By JESSE BURKHARDT
Now that the city of Bingen has enacted a revised ordinance regarding dangerous dogs, it's White Salmon's turn to consider a similar move.
Earlier this month, Bingen's City Council members voted to impose substantially stricter standards on owners of dogs that harm people or domestic animals, and banned outright dogs that have been shown to be "dangerous" as their ordinance defines it.
To get the views of White Salmon's citizens, the White Salmon City Council has scheduled a public hearing on whether to adopt a more restrictive dog control ordinance.
The meeting will be held on April 1 in the council chambers in the White Salmon Fire Hall, beginning at 6 p.m.
Basically, Bingen's "dangerous" designation applies to dogs of any breed that have inflicted a serious injury on any person without provocation, or killed a pet or livestock without provocation while off the owner's property.
Dogs that have been classified as dangerous are not allowed to reside within the city limits of Bingen.
Failure to comply with the city's ordinances is punishable by a $5,000 fine or up to one year in jail.
Because the two cities share the same police department, White Salmon officials believe the city's best course is to adopt an ordinance that is essentially the same as Bingen's.
Among the proposed ordinance's backers is Bingen-White Salmon Police Chief Bruce Brending.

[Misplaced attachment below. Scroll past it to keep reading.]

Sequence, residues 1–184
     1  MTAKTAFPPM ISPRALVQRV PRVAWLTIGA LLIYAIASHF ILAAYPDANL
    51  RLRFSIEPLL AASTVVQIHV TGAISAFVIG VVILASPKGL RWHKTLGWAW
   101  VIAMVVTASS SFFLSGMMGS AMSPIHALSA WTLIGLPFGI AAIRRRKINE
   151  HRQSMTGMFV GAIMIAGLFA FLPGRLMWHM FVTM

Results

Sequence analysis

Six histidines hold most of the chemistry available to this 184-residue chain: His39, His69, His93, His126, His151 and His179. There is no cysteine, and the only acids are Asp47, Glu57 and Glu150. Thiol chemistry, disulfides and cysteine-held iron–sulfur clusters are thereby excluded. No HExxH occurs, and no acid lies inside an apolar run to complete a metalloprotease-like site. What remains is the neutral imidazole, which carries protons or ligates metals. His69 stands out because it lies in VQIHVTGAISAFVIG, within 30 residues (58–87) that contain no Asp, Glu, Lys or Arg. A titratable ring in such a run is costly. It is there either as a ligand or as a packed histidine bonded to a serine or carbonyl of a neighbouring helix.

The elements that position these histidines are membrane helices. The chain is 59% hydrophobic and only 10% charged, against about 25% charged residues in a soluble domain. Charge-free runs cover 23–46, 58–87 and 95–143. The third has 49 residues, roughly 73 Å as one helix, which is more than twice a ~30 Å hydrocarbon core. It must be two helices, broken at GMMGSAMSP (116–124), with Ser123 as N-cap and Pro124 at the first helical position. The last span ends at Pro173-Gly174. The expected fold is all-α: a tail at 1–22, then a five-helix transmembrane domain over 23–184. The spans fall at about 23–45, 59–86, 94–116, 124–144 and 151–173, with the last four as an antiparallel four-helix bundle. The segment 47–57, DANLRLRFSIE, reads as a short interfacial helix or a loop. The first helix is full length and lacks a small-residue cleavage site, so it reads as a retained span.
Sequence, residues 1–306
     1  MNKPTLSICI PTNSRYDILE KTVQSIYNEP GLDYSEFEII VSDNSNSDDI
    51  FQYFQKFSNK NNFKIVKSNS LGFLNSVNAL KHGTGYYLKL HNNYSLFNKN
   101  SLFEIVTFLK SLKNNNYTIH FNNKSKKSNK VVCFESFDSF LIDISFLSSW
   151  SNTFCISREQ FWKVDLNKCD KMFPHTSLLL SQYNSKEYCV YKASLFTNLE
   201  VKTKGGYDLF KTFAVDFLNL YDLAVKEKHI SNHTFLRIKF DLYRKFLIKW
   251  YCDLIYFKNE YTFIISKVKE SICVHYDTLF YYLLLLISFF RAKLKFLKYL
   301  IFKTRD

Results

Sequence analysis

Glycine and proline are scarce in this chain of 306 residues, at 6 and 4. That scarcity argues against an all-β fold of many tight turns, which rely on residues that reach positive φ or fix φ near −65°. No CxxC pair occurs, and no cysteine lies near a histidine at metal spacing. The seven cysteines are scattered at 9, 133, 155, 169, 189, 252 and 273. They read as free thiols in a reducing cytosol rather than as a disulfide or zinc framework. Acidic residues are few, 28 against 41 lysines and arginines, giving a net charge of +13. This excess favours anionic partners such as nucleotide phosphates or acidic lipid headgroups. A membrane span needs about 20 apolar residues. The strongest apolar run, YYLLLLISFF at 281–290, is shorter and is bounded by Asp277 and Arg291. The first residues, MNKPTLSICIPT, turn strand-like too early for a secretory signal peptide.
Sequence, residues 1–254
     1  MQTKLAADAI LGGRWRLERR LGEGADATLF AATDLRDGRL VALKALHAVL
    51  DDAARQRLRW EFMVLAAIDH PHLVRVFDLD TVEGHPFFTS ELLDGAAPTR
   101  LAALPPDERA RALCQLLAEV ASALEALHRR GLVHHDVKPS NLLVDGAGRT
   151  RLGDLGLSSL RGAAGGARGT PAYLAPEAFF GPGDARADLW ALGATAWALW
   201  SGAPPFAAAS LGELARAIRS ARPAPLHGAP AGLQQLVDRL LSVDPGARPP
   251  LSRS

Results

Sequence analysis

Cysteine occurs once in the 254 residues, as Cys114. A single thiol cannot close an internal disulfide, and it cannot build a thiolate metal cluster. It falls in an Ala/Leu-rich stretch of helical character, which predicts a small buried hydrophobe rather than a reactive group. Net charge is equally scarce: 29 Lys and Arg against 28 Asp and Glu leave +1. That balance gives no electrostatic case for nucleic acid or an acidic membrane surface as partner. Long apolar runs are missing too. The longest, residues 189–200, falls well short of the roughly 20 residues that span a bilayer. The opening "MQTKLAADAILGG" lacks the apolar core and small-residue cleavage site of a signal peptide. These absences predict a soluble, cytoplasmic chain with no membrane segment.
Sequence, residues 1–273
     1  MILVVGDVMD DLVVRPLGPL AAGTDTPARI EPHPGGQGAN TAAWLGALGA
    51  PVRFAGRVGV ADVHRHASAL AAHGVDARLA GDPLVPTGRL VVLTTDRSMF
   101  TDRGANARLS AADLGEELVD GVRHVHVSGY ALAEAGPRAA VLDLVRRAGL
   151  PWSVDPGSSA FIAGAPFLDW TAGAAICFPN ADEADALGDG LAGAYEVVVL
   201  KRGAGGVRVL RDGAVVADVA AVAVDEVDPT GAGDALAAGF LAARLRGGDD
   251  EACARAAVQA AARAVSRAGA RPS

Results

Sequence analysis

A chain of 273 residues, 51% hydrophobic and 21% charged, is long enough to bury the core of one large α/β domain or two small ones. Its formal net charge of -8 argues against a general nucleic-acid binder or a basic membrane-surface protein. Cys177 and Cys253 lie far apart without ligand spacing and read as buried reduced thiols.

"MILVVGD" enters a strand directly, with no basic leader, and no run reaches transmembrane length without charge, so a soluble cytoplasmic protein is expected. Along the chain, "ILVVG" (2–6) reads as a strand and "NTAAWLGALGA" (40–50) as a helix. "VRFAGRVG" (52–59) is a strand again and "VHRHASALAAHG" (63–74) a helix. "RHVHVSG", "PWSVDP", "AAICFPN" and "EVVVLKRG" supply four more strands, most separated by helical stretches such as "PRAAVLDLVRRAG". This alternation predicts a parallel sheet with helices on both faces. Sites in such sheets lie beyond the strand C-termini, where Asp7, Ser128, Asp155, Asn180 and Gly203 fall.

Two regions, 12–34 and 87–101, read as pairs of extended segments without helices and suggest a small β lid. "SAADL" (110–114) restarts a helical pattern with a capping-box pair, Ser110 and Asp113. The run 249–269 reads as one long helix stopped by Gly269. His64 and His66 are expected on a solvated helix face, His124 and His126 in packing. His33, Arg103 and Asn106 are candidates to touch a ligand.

At the White Salmon City Council's March 18 meeting, Brending asked the council to take the next step in its review process.
"I recommend this be moved forward to a hearing for the public," Brending said. "White Salmon's ordinance should mirror this as much as possible. That would make enforcement easier."
Brending added that he believes Bingen's ordinance puts restrictions on dog owners that will help keep citizens from getting attacked by aggressive dogs.
"For ease of enforcement and for lack of problems for our officers, I'd like to see White Salmon's version stay the same," Brending explained.
White Salmon Council member Brad Roberts said he supports the ordinance as approved by the Bingen City Council.
Roberts pointed out that one of the most controversial measures under consideration a few months ago was a ban on certain dog breeds.
Last September, banning aggressive breeds such as pit bulls was discussed in a public hearing in White Salmon. A crowd of about 35 citizens showed up for the hearing, and those attending were strongly opposed to banning dogs based on breeds.
Roberts said he thinks the ordinance drafted by the Bingen City Council was wisely crafted and covers the key issues White Salmon's council has been considering.
"I really like the work Bingen did. This addresses our concerns, and is not breed-specific," Roberts explained.
White Salmon Mayor David Poucher was also impressed with Bingen's ordinance.
"Bingen really did a lot of work on this, and I don't think we'll find much to change. Maybe a little bit of wordsmithing. It doesn't ban breeds, and that's a much better way to go about it," Poucher said.
Poucher pointed out that he doesn't anticipate any serious controversy over the proposed ordinance.
"I think we'll adopt this as written," he said. "This has really been vetted."
Poucher added, however, that if specific concerns are raised in the public session, the ordinance could be altered.
"We're going to listen to what the public has to say," Poucher said. "If there is a lot of concern over some issue, I'm not going to push the council for a vote. The whole purpose of a public hearing is to get public input. But if the public is generally happy with it, we'll probably go ahead and approve it that night."